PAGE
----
Neil Best first worked at Newsday in 1982, then returned in 1985. His SportsWatch column debuted on Sept.
Eli being Eli, there did not seem much chance of getting a heartfelt answer out of the Giants quarterback on the subject of his advancing football age, but why not give it a shot?
Lo and behold, it was evident that the topic indeed has crossed Manning's mind, what with his 32nd birthday looming Thursday and the Giants having squandered another season of his prime by blowing a playoff berth after a 6-2 start.
"Yeah, definitely, just because you know, obviously, as you get older, your seasons are becoming more limited,'' he said Monday as the Giants said their 2012 goodbyes less than 11 months after parading up Broadway.
"In my nine years here, I have seen talented teams and been on teams that weren't as talented and be able to get by with some things and win games. But we felt we have talent. We've got playmakers. We've got guys who get it, who understand what it takes to win and to play at a high level. To kind of waste that opportunity is disappointing.''
By Manning interview standards, that qualified as intense sharing, but it spoke to the real shame of the season past, even if the Giants qualify for a partial pass thanks to their recent Lombardi Trophy.
They have an elite -- there's that word again! -- quarterback heading into the backstretch of his peak years who now has not gotten a postseason shot in three of the past four Januarys.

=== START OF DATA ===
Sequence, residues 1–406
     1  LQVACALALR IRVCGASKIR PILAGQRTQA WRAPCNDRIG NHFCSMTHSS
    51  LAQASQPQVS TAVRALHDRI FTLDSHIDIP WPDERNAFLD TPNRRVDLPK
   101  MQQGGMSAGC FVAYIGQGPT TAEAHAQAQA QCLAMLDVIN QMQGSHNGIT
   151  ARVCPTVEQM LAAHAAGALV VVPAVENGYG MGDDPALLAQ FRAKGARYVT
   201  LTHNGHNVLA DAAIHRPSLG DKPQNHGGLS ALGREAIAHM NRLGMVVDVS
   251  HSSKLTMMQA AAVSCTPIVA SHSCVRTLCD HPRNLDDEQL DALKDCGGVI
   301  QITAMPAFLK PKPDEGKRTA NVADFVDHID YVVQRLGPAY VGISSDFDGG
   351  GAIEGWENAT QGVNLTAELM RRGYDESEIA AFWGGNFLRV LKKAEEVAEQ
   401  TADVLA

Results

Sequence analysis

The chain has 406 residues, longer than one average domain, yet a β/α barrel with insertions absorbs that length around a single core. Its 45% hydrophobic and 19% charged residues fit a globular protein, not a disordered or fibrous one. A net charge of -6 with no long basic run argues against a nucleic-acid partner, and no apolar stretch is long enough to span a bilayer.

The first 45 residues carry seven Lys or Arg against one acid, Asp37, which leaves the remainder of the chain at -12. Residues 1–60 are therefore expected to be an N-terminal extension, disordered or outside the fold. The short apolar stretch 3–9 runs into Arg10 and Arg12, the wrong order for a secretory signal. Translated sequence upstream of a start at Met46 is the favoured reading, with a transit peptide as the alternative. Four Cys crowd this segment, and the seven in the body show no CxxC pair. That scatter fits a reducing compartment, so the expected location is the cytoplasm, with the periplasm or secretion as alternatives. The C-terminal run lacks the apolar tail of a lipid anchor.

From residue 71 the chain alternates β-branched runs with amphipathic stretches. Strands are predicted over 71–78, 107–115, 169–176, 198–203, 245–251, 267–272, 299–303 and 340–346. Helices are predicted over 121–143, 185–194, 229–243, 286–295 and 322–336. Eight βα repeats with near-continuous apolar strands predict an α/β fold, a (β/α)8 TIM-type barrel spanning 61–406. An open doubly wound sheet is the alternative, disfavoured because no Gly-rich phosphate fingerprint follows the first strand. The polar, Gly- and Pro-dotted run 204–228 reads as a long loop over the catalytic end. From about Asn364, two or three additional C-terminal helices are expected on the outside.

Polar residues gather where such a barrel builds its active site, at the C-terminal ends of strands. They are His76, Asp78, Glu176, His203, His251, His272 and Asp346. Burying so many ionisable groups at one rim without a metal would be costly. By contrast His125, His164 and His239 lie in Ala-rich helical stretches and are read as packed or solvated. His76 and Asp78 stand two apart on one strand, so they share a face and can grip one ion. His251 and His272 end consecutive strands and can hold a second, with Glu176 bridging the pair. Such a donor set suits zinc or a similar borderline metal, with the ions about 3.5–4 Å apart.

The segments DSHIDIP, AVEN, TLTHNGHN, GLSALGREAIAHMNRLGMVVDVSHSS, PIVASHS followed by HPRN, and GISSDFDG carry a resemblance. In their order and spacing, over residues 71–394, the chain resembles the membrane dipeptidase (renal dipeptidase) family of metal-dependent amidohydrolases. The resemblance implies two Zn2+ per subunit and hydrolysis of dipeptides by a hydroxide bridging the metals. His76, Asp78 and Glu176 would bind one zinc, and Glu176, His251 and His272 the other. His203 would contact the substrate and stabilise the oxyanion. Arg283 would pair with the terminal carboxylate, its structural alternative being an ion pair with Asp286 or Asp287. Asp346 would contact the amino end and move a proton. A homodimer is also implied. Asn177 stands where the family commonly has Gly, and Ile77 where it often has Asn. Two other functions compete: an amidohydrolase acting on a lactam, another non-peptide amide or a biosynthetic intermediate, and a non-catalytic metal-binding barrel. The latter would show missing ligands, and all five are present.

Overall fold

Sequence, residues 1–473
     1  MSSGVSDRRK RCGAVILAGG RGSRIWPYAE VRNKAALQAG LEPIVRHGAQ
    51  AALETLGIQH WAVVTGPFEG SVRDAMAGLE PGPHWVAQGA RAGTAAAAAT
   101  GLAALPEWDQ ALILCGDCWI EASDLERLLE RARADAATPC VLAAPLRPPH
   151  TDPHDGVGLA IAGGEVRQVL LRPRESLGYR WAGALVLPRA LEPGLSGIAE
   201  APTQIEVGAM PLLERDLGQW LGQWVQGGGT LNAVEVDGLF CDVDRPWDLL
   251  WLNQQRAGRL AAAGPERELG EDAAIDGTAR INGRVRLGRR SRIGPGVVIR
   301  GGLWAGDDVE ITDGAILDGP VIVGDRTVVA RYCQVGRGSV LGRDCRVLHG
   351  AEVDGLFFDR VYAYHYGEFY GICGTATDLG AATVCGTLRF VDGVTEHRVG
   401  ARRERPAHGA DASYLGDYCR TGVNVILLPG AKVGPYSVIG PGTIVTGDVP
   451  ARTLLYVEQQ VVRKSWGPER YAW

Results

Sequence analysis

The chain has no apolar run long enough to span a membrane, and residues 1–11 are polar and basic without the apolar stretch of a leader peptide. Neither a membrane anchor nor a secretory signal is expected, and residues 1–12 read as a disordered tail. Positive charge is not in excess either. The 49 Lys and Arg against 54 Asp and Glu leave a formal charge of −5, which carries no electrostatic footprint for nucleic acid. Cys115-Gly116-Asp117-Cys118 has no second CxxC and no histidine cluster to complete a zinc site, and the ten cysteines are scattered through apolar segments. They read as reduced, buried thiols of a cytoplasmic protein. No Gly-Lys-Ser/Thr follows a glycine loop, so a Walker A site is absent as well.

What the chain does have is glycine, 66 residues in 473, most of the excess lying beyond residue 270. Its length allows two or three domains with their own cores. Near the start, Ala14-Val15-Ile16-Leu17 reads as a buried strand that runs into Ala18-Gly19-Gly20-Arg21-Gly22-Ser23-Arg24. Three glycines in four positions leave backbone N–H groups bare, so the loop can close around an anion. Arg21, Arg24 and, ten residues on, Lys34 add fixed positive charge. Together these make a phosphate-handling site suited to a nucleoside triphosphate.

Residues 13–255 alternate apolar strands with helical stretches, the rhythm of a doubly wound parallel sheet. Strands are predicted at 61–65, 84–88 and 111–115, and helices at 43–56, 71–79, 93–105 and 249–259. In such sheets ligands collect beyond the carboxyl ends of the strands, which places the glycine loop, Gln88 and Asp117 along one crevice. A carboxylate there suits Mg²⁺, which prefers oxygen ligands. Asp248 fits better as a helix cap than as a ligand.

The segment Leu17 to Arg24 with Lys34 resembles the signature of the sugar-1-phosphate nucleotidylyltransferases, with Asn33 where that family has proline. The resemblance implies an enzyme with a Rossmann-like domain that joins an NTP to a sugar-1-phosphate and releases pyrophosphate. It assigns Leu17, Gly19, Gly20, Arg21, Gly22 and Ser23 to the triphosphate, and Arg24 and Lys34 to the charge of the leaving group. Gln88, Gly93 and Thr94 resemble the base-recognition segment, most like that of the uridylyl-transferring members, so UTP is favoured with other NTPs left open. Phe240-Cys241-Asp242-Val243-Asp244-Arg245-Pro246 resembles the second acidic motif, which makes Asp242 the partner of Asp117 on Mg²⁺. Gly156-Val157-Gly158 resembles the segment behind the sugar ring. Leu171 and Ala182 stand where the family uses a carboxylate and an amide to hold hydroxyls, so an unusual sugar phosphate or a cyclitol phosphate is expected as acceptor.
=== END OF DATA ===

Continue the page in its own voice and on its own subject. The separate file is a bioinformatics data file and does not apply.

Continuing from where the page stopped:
Throw in the fact that Manning's only pro head coach, Tom Coughlin, will turn 67 before coaching his next regular-season game and, well, let's just say if either man hopes to enhance his Hall of Fame resume, time is of the essence.
Like Manning, Coughlin has been around long enough to understand what many young players do not. Said Coughlin: "The opportunities these players have to take full advantage of their youth and their ability and literally the prime of their athletic lives. You just don't like to see that not happen for them.''
Coughlin plans to continue working -- "If they'll still have me'' -- but he said losses become increasingly difficult to handle with age. When someone asked a follow-up, he joked: "I'm not talking about me! I'm much too young for that.''
Manning's statistics were down from 2011 but generally in line with recent years; he finished with 26 touchdown passes, 15 interceptions, 3,948 yards, 59.9 percent completions and a passer rating of 87.2.
But that did not reflect his maddening ups and downs, part of a teamwide pattern. The setback that will haunt him most, he said, is the 17-16 loss to the Redskins on Dec. 3. Flip that result, and the Giants are NFC East champs.
"You hate to waste those opportunities,'' he said, "because you just don't know how many times you are ready to win a championship and have everything in place.''
Manning pronounced himself in fine physical condition after the long season, but that made elimination even more frustrating. "When you feel good, you wish you could keep going and extend the season,'' he said.
In addition to his own good health, Manning can draw encouragement from the family genes that have enabled his brother Peyton, 36, to storm back from a lost 2011 and have Denver seeded atop the AFC.
After Peyton watched Eli take the family lead in Super Bowl rings last winter, Eli plans to "watch my brother and the Broncos and be rooting for them to make a run.''
You never know when chances like that will come around again, right?